How to Create a HIPAA-Compliant Contingency Plan
1 CE Credit Hour. Legal-Ethical. Continuing Education Session Replay
Presented By: Roy Huggins, LPC NCC; Liath Dalton
Contingency planning is an important, but under-discussed, part of complying with HIPAA’s Security Rule. Many risk mitigation plans call for contingency planning to help mitigate special security risks that arise during emergencies. Contingency planning is also required by professional ethics and most mental health licensing boards.
This introductory-level course for counselors, clinical social workers, marriage and family therapists, and clinical and counseling psychologists will help learners understand the role of contingency planning in professional, HIPAA-compliant practice and in ethical practice, as well.
- Describe the set of HIPAA security standards which need to be addressed through contingency planning.
- Describe ethical considerations that need to be addressed through contingency planning.
- Apply the Person Centered Tech model of contingency planning to create a HIPAA-compliant contingency plan for the attendee’s practice.
- What are the HIPAA Security standards that require contingency planning?
- Contingency plan standard.
- Other standards that need contingency plans in order to be met.
- What are the ethical standards that require contingency planning?
- Standards for preparation for clinician becoming unavailable.
- Records custodians and other other non-HIPAA legal-ethical contingency planning requirements.
- Tools for non-HIPAA-related contingency planning.
- What tools are available to help author security a contingency plan?
- Survey of tools that provide templates and guidance for HIPAA-compliant contingency planning.
- Concrete demonstration of contingency planning process using Person Centered Tech tool.
- What do I do with my contingency plan?
- HIPAA and security training.
- Requirements for maintaining compliance documents.
- US Dept. of Health and Human Services. (2006). HIPAA Administrative Simplification . Washington, DC: Author.
- US Dept. of Health and Human Services. (2013). HIPAA Omnibus Final Rule . Washington, DC: Author.
Roy Huggins, LPC NCC, is a counselor in private practice who also directs Person-Centered Tech. Roy worked as a professional Web developer for 7 years before changing paths, and makes it his mission to grow clinicians’ understanding of the Internet and other electronic communications mediums for the future of our practices and our professions.
Roy is an adjunct instructor at the Portland State University Counseling program where he teaches Ethics, and is a member of the Zur Institute advisory board. He has acted as a subject matter expert on HIPAA, security and clinical use of technology for Counseling licensure boards and both state and national mental health professional organizations. He has co-authored or authored 2 book chapters, and he routinely consults with mental health colleagues on ethical and practical issues surrounding tech in clinical practice. He served for 5 years on the board of the Oregon Mental Health Counselors Association and then the Oregon Counseling Association as the Technology Committee Chair.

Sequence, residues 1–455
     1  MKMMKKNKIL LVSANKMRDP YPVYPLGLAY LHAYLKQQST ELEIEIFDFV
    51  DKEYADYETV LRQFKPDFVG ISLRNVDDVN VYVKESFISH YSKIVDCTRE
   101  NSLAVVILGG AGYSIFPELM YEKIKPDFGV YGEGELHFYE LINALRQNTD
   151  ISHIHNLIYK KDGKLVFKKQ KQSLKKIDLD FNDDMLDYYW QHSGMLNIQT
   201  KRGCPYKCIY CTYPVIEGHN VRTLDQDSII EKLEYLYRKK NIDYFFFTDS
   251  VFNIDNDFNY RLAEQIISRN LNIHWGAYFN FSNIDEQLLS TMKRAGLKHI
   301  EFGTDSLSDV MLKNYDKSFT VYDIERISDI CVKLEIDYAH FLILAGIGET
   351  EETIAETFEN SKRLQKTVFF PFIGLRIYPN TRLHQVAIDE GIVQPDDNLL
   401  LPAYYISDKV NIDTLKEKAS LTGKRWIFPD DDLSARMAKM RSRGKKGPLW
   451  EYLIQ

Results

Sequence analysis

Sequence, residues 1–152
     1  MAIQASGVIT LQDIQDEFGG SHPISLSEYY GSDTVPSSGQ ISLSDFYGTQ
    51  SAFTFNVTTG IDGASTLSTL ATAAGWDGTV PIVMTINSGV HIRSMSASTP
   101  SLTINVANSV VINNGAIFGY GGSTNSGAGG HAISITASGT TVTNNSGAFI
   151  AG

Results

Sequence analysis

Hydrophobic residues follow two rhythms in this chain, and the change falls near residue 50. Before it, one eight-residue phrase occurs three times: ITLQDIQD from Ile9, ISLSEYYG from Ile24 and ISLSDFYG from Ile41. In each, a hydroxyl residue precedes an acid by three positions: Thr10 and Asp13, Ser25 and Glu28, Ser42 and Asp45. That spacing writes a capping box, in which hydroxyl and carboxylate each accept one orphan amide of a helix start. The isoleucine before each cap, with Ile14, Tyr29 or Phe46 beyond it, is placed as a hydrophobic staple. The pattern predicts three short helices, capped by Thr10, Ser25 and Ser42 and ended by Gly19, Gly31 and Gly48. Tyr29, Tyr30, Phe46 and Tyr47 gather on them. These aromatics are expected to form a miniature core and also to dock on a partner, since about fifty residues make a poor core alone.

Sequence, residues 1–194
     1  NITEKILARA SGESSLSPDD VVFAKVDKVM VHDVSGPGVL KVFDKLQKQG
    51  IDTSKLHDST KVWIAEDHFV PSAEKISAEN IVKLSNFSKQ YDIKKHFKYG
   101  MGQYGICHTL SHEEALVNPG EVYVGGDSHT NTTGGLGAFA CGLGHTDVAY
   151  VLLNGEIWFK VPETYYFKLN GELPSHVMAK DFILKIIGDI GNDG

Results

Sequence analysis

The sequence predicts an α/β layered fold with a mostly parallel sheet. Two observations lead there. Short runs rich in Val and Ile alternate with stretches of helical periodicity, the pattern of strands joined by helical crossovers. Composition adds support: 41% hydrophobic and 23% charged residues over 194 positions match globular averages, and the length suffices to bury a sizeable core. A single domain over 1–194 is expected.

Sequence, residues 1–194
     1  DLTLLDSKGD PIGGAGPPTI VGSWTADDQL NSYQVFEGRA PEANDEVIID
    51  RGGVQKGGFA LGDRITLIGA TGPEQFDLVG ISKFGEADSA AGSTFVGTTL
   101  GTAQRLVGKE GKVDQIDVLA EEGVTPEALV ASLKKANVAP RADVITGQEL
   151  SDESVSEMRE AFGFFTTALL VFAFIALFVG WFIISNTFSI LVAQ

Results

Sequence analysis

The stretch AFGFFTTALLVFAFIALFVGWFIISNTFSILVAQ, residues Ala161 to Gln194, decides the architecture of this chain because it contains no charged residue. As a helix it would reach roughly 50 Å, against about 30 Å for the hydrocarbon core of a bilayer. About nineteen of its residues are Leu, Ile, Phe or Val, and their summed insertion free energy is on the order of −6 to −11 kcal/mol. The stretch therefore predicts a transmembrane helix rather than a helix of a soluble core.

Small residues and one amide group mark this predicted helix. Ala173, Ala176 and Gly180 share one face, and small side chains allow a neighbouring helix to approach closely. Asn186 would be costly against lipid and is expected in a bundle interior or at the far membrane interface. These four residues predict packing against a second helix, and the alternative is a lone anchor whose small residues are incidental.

He really likes this stuff.
Liath Dalton is a Ph.D candidate in Religious Studies. She began her academic career at Reed College and continued her graduate work at the University of Cape Town.
Liath is the Deputy Director for Person Centered Tech and runs our HIPAApropriateness review program. Through her combination of experience evaluating products for their utility and security in regards to how they can meet risk management needs and providing guidance to members around what product options will best meet their specific practice needs, Liath has an intimate knowledge of both what the practice tech needs are for mental health professionals and what it takes for a product to meet those needs.
Accuracy, Utility, and Risks Statement: The contents of this program are based on publications and reports from the federal Department of Health and Human Services and the National Institutes for Standards and Technology; consultation with experts on HIPAA Security standards and their implementation; and personal study from the program developers. Some interpretation and analysis presented is made by the presenter, in consultation with knowledgeable colleagues and expert consultants. Statements about applications to technology are according to presenter’s understanding of the technology at the time of the program. The presenter may not know how to apply all principles discussed to every technology type or product. This program discusses strategies for complying with HIPAA and covered ethics codes. It may not include information on all applicable state laws. Misapplication of the materials, or errors in the materials, could result in security problems, data breaches, or non-compliance with applicable laws or ethics codes.
Conflicts of Interest: None.
Commercial Support: None.